Tuesday, August 28, 2012
This pre-Raphaelite pretty got married on this day just 56 years ago, and photographer Gordon Parks was there to capture it. Remarkably enough she's still with us. She was even rather well-known in her own right, not just before she became Someone's Mother (and then, indeed, you're camp) but even before this wedding.
She, of course, is the original Poor Little Rich Girl, one who now, should she so choose to do, could rejoice in the full name of Gloria Laura Vanderbilt DiCicco Stokowski Lumet Cooper (Not all that many surnames, I know by Gabor standards, but enough, still, to have kept her busy for a couple of decades). It was her second and this groom's as well. He's Lumet, as in Sidney, as in movies; his number one was Hollywood hotcha (and Grace Kelly bridesmaid) Rita Gam (also surprisingly still with us). He followed up, after Gloria, with Lena Horne's daughter, before ending up with a Gimbel (apparently not of the Department Store Gimbels, which I think is too bad). First, though, he and Gloria gave it a go for seven years or so. She moved on, replacing Tinseltown nobility with literary cachet, after a fashion; her last husband (and the father of You Know Who) was a literary dilettante whose friendship with Dorothy Parker is probably the most interesting thing about his nonVanderbiltische days.
Gloria's is a curious career, both lengthy and episodic, running from the Coolidge administration right up to today, in which she's appeared before the public in a series of separate and quite disparate guises: orphaned waif and tabloid darling in the '20s and '30s; after the Second War, classical music muse and maestro's child-bride; conventional, comparatively, high-society fixture in the late '50s and '60s; then, with a fame eclipsing her earlier notoriety, fashionista and jeans impresario (impresaria?) of the '70s. More recently, when not being referred to as a maternal presence only, she's been recognized as an author, artist, and a kind of little-seen but influential, somehow, presence that hovers gracefully over the Upper East Side. As a whole, despite the dramas and the headlines and moments of definite darkness, her life has a kind of careless glamour that seems very much of another time.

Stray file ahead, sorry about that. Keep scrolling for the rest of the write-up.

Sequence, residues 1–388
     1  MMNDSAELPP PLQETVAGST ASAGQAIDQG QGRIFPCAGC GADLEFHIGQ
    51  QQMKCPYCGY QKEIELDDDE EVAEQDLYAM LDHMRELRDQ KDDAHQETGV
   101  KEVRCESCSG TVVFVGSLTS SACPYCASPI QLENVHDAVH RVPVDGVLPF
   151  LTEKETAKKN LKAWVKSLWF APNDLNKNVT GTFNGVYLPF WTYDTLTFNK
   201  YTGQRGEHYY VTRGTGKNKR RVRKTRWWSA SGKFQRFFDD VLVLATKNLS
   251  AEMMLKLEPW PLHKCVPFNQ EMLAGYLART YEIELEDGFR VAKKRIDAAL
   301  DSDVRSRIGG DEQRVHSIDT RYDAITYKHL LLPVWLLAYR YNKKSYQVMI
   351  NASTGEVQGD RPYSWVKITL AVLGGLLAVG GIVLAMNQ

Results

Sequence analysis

I'd like to think that on this day, at least, she really was Happy at Last, but the wariness of her glance, the stiffness of her pose, even the needless complexity of her many cuff buttons, all combine to make me think that in the end it was just one more thing to get through. The downside of being rich enough to have anything, I suppose, is that nothing's all that exciting, after a while.
What does she think now, do you suppose, of those headlines, which made her famous, or the headline-making-business that has made her best-known child even more so?